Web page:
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Healthcare Reform: Is Access Enough? – Part 2

Healthcare Reform:
Overlooking the Obvious

Read Part 1

We don’t need to look abroad for models for effective healthcare reform. Nor is Massachusetts a valid prototype, as it fails to address the delivery of medical care.

Instead, we have a homegrown solution that shines: the Veterans Administration’s health system. It’s a model for how to turn around a dysfunctional healthcare system.

While hardly perfect, the fact is it earns 85% customer satisfaction scores compared with only 77% customer satisfaction with private hospitals in America.

Here the private sector clearly lags. And this is despite the VA’s older and sicker patient population.

This is largely because the VA has automated its medical records and decision support systems. This is an area where the private medical sector continues to drag its feet – and is likely to continue to do so despite the financial incentives incorporated into healthcare reform.

The result is better patient safety for VA patients – and at a much lower cost.

There have been highly-publicized criticisms of certain VA health practices and priorities. That’s little comfort, however, when you realize our private sector’s record is far worse.

And it’s reflected in that customer satisfaction gap.

That’s the marketplace talking¬† – not the government.

The Best Answers are Political Suicide

This is how the politics of healthcare reform prove counter-productive.

Setting aside ideology for the moment, a dispassionate analysis of the actual evidence leads to only one conclusion.

The VA health system vastly outperforms our private healthcare system in America. And it does so on every measure:

  • Patient safety is better,

  • Treatment outcomes are better (higher quality), and

  • Medical costs are much lower.

This is the exact recipe needed to get control of our medical spending. And to lower the number of Americans dying prematurely every year from medical errors.

But it’d be political suicide to suggest such a thing in our current political climate. So we settle instead for half-measures and call it healthcare reform.

And half-measures are unlikely to make more than a dent in our dual crises of medical misspending and treatment injury.

We have only to look again at the evidence in the only state with any experience with the approach adopted for national health reform.

The Massachusetts Precedent

Massachusetts enacted its version of mandated health coverage in 2006.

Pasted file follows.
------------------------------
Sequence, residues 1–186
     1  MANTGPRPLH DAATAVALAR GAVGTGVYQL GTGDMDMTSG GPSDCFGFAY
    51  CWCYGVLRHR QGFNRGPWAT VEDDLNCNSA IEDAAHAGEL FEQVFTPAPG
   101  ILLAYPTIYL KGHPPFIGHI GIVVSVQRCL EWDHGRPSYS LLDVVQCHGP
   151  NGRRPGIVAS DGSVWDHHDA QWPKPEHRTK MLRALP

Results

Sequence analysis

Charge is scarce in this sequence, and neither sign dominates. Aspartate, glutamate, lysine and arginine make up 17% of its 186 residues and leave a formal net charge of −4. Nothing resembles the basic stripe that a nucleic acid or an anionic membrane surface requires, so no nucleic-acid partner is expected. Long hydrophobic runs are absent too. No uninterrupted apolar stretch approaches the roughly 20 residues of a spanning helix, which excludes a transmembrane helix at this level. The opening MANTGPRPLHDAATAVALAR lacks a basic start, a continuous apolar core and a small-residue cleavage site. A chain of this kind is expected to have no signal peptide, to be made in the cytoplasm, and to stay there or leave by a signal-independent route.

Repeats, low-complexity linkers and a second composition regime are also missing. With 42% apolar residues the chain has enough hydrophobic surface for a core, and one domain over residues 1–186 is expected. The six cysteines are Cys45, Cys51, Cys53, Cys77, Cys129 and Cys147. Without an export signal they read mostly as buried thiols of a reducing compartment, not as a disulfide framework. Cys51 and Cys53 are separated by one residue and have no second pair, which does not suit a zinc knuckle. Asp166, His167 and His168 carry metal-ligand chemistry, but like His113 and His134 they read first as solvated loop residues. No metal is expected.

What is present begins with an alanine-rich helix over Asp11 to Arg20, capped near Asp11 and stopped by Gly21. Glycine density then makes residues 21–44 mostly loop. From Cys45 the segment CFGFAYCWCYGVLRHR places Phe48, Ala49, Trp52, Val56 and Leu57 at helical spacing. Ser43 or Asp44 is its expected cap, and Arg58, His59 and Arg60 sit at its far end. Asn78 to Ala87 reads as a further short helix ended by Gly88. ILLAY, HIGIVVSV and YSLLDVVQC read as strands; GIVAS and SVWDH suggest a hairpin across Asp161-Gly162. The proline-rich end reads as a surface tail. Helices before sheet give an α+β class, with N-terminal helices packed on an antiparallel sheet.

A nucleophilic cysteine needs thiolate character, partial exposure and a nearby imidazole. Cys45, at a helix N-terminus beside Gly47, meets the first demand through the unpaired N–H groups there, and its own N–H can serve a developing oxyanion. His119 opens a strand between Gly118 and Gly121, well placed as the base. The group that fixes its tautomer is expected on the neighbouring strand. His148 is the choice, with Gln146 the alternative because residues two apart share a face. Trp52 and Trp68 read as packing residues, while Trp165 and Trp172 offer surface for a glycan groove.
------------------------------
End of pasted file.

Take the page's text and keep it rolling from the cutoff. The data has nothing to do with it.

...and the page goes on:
This prototype is hailed as a great success by those on the political left. Up to 98% of the state’s population is now insured.

It’s equally vilified by those on the political right as effectively bankrupting the state.

So what’s the truth – stripped of the ideological “spin”?

Well, the ranks of the insured have certainly increased in Massachusetts. No one argues this point.

And the state’s finances are actually in better shape than most states. States across America are under extreme financial pressure.

Massachusetts actually instituted a minor tax reduction this year. So it’s obviously not bordering on bankruptcy.

The facts, therefore, don’t support the “dismal failure” argument of those on the political right.

But is it the unadulterated success the left fancies it to be?

If you’ve read Our Healthcare Sucks,¬† you already know the answer.

Increasing access to a broken healthcare system is a double-edged sword, to say the least.

For every formerly uninsured person who will benefit under healthcare reform – assuming it remains intact – there will be as many or more harmed by medical errors, price-gouging, and unnecessary procedures.

That’s a highly-qualified “success” at best.

And for far too many Americans, healthcare reform is likely to be dismal failure when family members are victimized by the medical greed and often deadly mistakes that run rampant in American healthcare.

Which means you should…


Click here for the final Part 3 to this post on healthcare reform in America.

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This article is provided for informational and educational purposes only.
It does not constitute medical advice and should not be relied upon as such.

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Our Healthcare Sucks

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